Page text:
The National Park Service will begin emergency pothole fixes on the Baltimore-Washington Parkway this weekend as part of a stepped-up repair plan announced Wednesday, following pressure from Maryland leaders who complained the road had deteriorated to “horrific” conditions.

The road became so cratered this winter and spring that the Park Service recently reduced the speed limit in one section to 40 mph from 55 mph for safety and to help motorists better avoid the car-damaging holes. Drivers have called the B-W Parkway the worst in the Washington region, saying they’ve been stranded by flat tires and bent rims. They complained to Congress and turned to Twitter, denouncing the road as “hell on earth,” “a hot mess” and “downright dangerous.” One motorist compared trying to avoid the potholes to “driving on Swiss cheese.”

“It’s like driving a lunar rover on the dark side of the moon — that’s how bumpy the ride is,” AAA Mid-Atlantic spokesman John Townsend said. “It’s shocking to see a road in the United States, especially in the national capital area, in that state of repair.”

The work, scheduled to begin Friday night, will be done with emergency federal funds, said Sen. Chris Van Hollen (D-Md.), who wrote to the Park Service on March 15, urging the agency to speed up repairs after hearing from irate constituents.

“This is way ahead of their original schedule,” Van Hollen said, “so I’m glad they agreed with us that this is an emergency situation.”

The announcement of expedited pothole patching — and the Park Service’s pledge to move up repaving from this fall to mid-April — came as Maryland officials have called for the federal government to cede ownership of its 19-mile section to the state.

Maryland Gov. Larry Hogan (R) has touted a state plan to build express toll lanes on the 29-mile parkway, in addition to on the state’s portion of the Capital Beltway and Interstate 270, but the state cannot do so without control of the federal portion of the parkway. The National Park Service owns the 19 miles between Route 50 near the D.C. line and Route 175 in Anne Arundel County, and the state owns most of the rest into Baltimore.

Hogan recently cited the road’s “unacceptable” condition this winter in calling again for a state takeover, saying the number of potholes and crashes had “reached a breaking point” and demonstrated that the Park Service “is simply not up to the task of maintaining MD-295.”

On Wednesday, Hogan said the parkway’s “horrific conditions” had caused him to “redouble” those takeover efforts.

“It should not have taken this long,” Hogan said of the patches, “but what is most important is that we fix the road now.”

As part of the pothole work beginning Friday, sections of the road will be closed in both directions overnight throughout the weekend. Southbound lanes between Routes 198 and 197 will be closed from 7:30 p.m. Friday to 5 a.m. Saturday. Northbound lanes in the same section will be closed from 7:30 p.m. Saturday to 5 a.m. Sunday. That schedule could change, depending on the weather, the agency said.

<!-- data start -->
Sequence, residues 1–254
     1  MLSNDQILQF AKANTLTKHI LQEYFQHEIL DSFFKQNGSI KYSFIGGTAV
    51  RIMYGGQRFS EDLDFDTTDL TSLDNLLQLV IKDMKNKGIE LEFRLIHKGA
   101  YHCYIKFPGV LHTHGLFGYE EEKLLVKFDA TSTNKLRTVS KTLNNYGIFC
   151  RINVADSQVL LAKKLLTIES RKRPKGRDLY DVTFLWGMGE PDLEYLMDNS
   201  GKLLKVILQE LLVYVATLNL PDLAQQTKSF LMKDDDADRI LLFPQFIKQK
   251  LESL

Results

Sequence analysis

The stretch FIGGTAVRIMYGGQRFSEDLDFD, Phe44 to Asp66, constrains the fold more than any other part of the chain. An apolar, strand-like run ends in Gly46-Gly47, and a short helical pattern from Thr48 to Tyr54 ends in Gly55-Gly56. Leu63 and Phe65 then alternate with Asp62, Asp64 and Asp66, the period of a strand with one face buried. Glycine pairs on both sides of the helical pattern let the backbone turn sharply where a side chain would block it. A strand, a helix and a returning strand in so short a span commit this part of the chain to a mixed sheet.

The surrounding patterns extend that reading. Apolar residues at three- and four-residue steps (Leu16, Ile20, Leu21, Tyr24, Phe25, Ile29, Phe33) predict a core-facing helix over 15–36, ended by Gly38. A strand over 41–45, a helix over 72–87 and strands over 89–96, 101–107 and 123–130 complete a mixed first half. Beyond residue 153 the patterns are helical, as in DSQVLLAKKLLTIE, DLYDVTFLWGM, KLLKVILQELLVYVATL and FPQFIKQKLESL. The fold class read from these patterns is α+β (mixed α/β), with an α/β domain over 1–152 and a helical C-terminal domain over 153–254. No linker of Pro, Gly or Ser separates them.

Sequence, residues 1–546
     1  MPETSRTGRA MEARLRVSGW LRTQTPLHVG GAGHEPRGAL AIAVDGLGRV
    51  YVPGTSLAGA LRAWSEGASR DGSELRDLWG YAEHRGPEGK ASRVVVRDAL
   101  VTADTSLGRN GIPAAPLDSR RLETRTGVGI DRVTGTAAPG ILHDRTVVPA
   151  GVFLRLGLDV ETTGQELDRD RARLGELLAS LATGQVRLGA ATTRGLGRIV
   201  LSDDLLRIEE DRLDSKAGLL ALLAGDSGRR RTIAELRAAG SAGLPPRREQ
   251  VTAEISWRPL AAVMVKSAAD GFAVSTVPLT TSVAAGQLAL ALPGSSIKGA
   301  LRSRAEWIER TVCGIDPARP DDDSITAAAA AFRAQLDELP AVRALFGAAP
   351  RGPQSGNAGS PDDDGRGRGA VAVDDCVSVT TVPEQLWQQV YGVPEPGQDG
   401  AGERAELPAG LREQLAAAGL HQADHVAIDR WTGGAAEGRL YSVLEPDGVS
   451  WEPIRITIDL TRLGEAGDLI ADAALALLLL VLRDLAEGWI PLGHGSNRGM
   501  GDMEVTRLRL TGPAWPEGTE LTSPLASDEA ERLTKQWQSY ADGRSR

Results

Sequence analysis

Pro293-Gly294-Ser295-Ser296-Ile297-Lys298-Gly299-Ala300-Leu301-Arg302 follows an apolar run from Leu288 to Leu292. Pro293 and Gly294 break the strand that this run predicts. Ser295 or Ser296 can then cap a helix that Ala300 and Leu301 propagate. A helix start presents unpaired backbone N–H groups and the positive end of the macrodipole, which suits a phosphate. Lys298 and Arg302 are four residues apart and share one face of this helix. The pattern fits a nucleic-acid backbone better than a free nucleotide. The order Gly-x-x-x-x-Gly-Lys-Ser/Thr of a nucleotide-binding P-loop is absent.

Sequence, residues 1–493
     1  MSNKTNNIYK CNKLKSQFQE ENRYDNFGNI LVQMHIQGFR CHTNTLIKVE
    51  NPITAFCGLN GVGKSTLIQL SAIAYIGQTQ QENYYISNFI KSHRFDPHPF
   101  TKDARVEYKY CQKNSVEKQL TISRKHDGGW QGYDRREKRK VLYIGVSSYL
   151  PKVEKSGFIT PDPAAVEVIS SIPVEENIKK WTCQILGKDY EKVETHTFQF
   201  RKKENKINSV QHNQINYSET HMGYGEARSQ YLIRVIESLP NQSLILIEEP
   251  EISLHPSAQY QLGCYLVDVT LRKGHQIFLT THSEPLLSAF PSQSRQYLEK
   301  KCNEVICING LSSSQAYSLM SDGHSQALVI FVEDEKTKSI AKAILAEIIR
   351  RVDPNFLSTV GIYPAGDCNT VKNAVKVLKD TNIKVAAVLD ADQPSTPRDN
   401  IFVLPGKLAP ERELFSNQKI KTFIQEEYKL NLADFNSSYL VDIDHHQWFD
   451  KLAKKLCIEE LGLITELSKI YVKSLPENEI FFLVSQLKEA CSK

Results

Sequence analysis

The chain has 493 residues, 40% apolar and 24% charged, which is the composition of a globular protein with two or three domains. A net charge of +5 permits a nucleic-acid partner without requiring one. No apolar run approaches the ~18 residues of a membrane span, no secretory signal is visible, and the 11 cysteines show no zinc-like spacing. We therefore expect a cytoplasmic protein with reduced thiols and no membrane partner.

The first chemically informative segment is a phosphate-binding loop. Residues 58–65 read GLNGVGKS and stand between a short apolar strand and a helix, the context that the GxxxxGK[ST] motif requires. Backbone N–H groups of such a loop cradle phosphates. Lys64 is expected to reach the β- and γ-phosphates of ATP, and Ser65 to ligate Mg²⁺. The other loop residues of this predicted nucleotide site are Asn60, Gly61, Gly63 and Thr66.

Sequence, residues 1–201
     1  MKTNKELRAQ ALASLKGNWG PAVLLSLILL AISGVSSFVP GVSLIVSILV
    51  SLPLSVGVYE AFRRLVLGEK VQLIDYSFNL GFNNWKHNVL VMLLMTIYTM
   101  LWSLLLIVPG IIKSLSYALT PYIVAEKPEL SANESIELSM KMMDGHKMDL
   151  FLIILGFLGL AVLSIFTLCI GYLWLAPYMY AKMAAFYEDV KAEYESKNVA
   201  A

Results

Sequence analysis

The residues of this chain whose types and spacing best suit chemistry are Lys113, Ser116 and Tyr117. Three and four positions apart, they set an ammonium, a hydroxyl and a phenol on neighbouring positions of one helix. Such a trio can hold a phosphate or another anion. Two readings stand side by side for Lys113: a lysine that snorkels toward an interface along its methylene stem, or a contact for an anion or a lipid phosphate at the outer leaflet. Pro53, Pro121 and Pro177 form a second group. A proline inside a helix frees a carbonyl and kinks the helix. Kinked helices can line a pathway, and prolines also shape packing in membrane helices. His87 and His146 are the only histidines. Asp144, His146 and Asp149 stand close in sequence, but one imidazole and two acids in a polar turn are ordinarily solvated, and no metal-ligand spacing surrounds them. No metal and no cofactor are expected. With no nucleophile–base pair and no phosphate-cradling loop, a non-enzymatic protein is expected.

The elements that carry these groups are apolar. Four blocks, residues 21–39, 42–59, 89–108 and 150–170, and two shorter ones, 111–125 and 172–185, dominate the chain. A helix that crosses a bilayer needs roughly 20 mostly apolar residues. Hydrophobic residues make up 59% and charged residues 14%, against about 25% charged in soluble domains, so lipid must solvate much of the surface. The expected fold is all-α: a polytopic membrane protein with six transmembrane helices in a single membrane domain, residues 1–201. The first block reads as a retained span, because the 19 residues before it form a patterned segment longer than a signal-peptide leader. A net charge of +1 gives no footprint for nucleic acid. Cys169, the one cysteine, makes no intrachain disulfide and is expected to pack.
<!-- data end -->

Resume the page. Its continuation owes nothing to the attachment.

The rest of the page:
“We take our responsibility for the parkway very seriously and are making good on our promise to drivers to do everything in our power to improve the road,” B-W Parkway Superintendent Matt Carroll said in a statement.

Carroll said crews have been “working tirelessly” to patch the craters and have placed more than 130 tons worth of asphalt patches on the parkway since late January.

Potholes have hit the Washington region particularly hard this year due to dramatic temperature swings and cycles of freezing and thawing pavement. The Park Service has said it has wanted to resurface the road for the past decade but has had limited funding.

Townsend said he doesn’t blame the Park Service as much as Congress for the more than $11 billion backlog in the agency’s infrastructure needs, including for roads and bridges. He cited delays in the agency being able to overhaul historic Memorial Bridge across the Potomac River as another example of the shortage of infrastructure investments.

The problem is acute in the Washington region, where parkways whose names evoke country roads serve as major commuter thoroughfares and have nearly 40 percent of all crashes on National Park Service roads across the country, Townsend said.

The B-W Parkway carries 125,000 vehicles daily. In addition to connecting D.C. and Baltimore, it serves Baltimore-Washington International Marshall Airport and job centers such as NASA’s Goddard Space Flight Center and the National Security Agency at Fort Meade.

“They’re not bucolic country roads anymore,” Townsend said. “They are major corridors for traffic.”

Under the expedited repaving plan, the road will be repaved in two phases, beginning next month between Routes 198 and 197. In midsummer, repaving will continue between Routes 198 and 175 and include access ramps in the entire stretch, the Park Service said.

All of the repaving will be finished this year, the agency said.

Luz Lazo contributed to this report.